By Bruce Jervis
A wrongfully terminated contractor is entitled to recover lost profit from the project owner. This is the profit the contractor reasonably anticipated had the contractor been allowed to perform the contract; it is a well-recognized element of damages for breach of contract. Lost overhead billings are generally not recoverable. The overhead would have been an indirect cost of performing the contract. The wrongfully terminated contractor did not perform that work or incur those costs.
It is important to maintain the distinction between profit and overhead mark-ups, but this is not always done. Contractors sometimes estimate and price work by applying a melded overhead and profit percentage to direct costs. Contractors sometimes apply mark-ups that are vaguely or inaccurately characterized. That was the case recently in California. ... Read more.
Featured in this Week’s Construction Claims Advisor:
- Contractor Could Not Recover Both Lost Profit and Lost Subcontractor Mark-Ups
- Disappointed Bidder Did Not Challenge Decision Promptly Enough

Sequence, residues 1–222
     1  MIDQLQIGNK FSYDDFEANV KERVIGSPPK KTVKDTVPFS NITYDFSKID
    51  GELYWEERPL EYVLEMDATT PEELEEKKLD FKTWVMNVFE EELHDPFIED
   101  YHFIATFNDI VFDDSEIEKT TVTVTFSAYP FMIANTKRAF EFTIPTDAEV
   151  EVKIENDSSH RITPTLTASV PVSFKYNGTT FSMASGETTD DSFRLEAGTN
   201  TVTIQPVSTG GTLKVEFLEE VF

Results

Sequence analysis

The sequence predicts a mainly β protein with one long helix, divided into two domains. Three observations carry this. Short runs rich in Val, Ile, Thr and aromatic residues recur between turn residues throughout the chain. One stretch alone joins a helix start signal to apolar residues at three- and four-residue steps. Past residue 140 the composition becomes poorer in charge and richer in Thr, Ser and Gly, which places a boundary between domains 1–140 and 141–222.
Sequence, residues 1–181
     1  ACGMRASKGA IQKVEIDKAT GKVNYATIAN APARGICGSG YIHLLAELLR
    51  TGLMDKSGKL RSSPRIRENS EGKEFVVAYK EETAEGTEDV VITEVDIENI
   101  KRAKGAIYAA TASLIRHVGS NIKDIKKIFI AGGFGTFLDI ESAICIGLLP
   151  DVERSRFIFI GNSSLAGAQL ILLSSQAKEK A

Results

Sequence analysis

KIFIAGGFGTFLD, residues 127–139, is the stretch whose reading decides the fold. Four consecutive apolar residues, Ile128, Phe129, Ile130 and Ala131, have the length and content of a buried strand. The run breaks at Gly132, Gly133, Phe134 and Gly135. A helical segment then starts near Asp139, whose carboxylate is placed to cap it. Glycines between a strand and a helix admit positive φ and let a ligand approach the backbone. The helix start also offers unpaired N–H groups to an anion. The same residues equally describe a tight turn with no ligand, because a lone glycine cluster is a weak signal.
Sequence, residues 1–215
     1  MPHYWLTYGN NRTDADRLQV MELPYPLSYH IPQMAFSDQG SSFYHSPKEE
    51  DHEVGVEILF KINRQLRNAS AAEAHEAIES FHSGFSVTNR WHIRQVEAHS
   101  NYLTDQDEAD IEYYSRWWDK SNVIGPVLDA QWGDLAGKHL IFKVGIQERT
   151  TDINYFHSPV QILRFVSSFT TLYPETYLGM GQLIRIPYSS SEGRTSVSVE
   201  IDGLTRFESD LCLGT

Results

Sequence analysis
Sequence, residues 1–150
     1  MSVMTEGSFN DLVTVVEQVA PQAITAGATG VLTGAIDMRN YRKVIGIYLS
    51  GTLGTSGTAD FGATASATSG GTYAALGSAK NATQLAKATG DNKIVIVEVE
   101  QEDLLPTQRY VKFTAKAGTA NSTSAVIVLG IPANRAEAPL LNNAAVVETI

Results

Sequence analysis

- Contractor Denied Final Payment Due to Lack of Appropriation
By Steve Rizer
When preparing for the Leadership in Energy and Environmental Design Green Associate (LEED GA) exam, what are the “final steps” that should be taken? In a recently concluded WPL Publishing series of four webinars, presenter Beth Shuck of Green Building Services Inc. (GBS) provided a list of such steps, urging audience members to, among other things, identify all of the wrong answers from their practice exams and figure out why they got those answers wrong. Click here to read some of the other advice she offered for taking the exam.
By Steve Rizer
The world’s building industry stands to reap substantial financial benefits through open standards for building information modeling (BIM), but the lone global standards body believed to be in a position to support “open BIM” is facing some very significant challenges.
“We are now at a true turning point, for the world has awakened to the promise of open BIM to deliver higher-quality, greater certainty, and cost reductions of around 20 percent,” the organization, buildingSMART International (bSI), stated in a paper it recently released. However, in that same paper, called “The Way Forward,” bSI acknowledged that the plan it has had in effect for transforming the global building industry is “unclear and without a timetable,” a dilemma that is hampering fundraising and membership levels. ... Read more.